Twilight, it's not been just the past 7 years that have leached Americans of so much of their sense of community and "we're all in this together," it's been a relentless 35-year campaign -- first by Nixon, then by Cheney & Rumsfeld in Jerry Ford's White House, then Reagan and Bush41 (along with assiduous undermining of Dem. Presidents Carter and Clinton by conservatives of both parties) -- to discredit government and all its core functions in favor of the private sector's supposed efficiency that has atomized the American people and estranged them from public institutions.

The USA is near the end of a rather longer road than most realize, almost to the point where the people's values and wishes have no real place in politics. The big guns in the "private sector" (corporations) are tons more influential with legislators and other politicians than mere citizens are -- or the U.S. involvement in Iraq would have ended years ago (or even have started at all, given the Huge antiwar demos in early 2003), and we'd have had a much simpler, fairer health care system in place over a decade ago.

Even giant demos just don't have an impact anymore. All that We the People have left to use that *would* have an impact are pocketbook tools -- boycotts, general strikes, etc. -- and so many people are on the knife's edge financially that there's little chance many will use these.

Over the past 35 years the conservatives (i.e. the vast majority of Republicans and waaay too many Democrats) in public office and in concerted lobbying efforts have destroyed the faith of the American people in their ability to achieve constructive ends together through government. We now live under a cabal occupying the nation's highest offices that is gutting the last remnants of the government's ability to function as a tribune and servant of the people, by utterly perverting laws high and low at whim, and (thus far) there is no one who will put a halt to this. (Those who even contemplate such action, especially in an official capacity, are quickly intimidated somehow into reconsidering -- every time.)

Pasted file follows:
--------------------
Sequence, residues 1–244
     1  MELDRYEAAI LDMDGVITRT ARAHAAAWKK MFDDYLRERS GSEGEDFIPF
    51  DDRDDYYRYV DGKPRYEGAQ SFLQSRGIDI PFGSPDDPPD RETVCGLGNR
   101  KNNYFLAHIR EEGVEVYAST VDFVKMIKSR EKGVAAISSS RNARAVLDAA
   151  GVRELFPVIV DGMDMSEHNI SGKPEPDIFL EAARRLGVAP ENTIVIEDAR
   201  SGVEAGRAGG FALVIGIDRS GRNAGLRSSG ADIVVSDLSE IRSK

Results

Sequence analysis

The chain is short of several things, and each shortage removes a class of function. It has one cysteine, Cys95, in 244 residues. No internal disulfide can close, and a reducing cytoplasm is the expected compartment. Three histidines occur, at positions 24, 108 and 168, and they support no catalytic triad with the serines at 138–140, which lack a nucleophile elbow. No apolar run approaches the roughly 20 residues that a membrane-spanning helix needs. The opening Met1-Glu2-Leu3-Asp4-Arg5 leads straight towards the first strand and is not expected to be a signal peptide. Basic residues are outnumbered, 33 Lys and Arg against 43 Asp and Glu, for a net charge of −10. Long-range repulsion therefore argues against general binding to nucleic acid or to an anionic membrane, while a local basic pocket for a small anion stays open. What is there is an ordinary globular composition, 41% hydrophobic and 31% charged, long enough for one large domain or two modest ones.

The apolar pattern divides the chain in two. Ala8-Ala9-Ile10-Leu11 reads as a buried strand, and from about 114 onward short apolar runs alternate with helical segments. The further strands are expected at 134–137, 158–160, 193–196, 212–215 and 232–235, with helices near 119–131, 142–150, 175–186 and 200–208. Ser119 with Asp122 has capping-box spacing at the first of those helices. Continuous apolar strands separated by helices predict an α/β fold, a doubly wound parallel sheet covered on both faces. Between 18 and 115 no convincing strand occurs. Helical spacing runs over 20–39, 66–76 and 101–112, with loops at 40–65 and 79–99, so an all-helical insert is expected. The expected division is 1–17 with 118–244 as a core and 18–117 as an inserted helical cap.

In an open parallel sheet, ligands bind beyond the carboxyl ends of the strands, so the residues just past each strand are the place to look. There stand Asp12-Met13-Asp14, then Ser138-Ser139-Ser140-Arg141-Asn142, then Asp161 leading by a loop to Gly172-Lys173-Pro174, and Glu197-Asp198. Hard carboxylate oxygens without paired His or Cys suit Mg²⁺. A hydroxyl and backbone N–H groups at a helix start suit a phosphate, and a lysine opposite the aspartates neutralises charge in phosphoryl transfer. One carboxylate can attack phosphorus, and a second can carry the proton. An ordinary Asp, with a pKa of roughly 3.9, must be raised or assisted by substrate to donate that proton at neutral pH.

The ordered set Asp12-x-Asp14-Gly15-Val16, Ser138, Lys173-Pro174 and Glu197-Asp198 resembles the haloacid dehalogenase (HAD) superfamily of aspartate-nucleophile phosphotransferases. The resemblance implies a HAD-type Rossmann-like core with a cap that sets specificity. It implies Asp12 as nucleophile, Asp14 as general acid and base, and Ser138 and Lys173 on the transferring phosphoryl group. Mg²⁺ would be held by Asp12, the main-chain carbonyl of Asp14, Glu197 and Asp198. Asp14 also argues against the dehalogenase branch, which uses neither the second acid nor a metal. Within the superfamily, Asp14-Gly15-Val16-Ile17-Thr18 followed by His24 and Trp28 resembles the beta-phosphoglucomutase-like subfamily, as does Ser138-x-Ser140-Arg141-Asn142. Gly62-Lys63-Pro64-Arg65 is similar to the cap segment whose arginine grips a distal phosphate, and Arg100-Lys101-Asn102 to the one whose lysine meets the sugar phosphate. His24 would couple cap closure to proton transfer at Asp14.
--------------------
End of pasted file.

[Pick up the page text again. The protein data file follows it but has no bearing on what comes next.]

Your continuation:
[/rambling]

12:41 am  
Blogger Twilight said...

Mark - yes, I'm beginning to see what you describe more and more as I read here and there.

Yesterday I had occasion to read and refer someone to Harold Pinter's Nobel speech in 2005 "Art Truth and Politics"
it's reported at archives here
http://www.commondreams.org/views05/1208-28.htm

It is very anti US adminstration and not for the faint of hert ;-)It ends like this:

"I believe that despite the enormous odds which exist, unflinching, unswerving, fierce intellectual determination, as citizens, to define the real truth of our lives and our societies is a crucial obligation which devolves upon us all. It is in fact mandatory.

If such a determination is not embodied in our political vision we have no hope of restoring what is so nearly lost to us - the dignity of man."

We need someone like that here - NOW!

2:33 am  
Blogger D.K. Raed said...

Ah yes, I remember it well. I am Class of '69. These demonstrations were real happenings. All over the US, every state, we had 'em everywhere, big cities down to little towns. The establishment backlash was incredible, but in the end, had to capitulate to the vox populis. And it STILL took us another 6-yrs after the Peace Moratorium you featured to back the hell out of SE Asia. Please don't give up on us!

7:38 am  
Anonymous Rex said...

One big difference between then and now was The Draft! That's what eventually brought so many people to the point of screaming en masse - Enough!

But the stablishment learned from that.

One of the few things that's stopped another draft (as this fiasco goes from bad to worse for America) is the rise of these private armies - like Blackwater and others.

Oh, yes, the warmongers have learned a lot since then.

Damn them to hell.

10:54 am  
Anonymous Hydrocodone said...

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6:52 am